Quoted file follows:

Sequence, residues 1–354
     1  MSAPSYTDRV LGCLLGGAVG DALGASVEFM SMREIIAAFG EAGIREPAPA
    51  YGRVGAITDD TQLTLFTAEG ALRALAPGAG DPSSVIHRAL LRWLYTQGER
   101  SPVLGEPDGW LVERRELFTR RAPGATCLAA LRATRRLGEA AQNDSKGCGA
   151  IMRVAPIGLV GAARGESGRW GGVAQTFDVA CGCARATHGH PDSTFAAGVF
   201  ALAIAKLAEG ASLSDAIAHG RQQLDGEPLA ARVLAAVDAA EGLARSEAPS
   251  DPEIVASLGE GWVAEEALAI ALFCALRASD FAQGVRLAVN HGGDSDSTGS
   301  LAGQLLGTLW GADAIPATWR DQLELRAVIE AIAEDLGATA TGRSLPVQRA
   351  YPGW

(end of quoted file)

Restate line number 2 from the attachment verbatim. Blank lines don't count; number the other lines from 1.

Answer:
     1  MSAPSYTDRV LGCLLGGAVG DALGASVEFM SMREIIAAFG EAGIREPAPA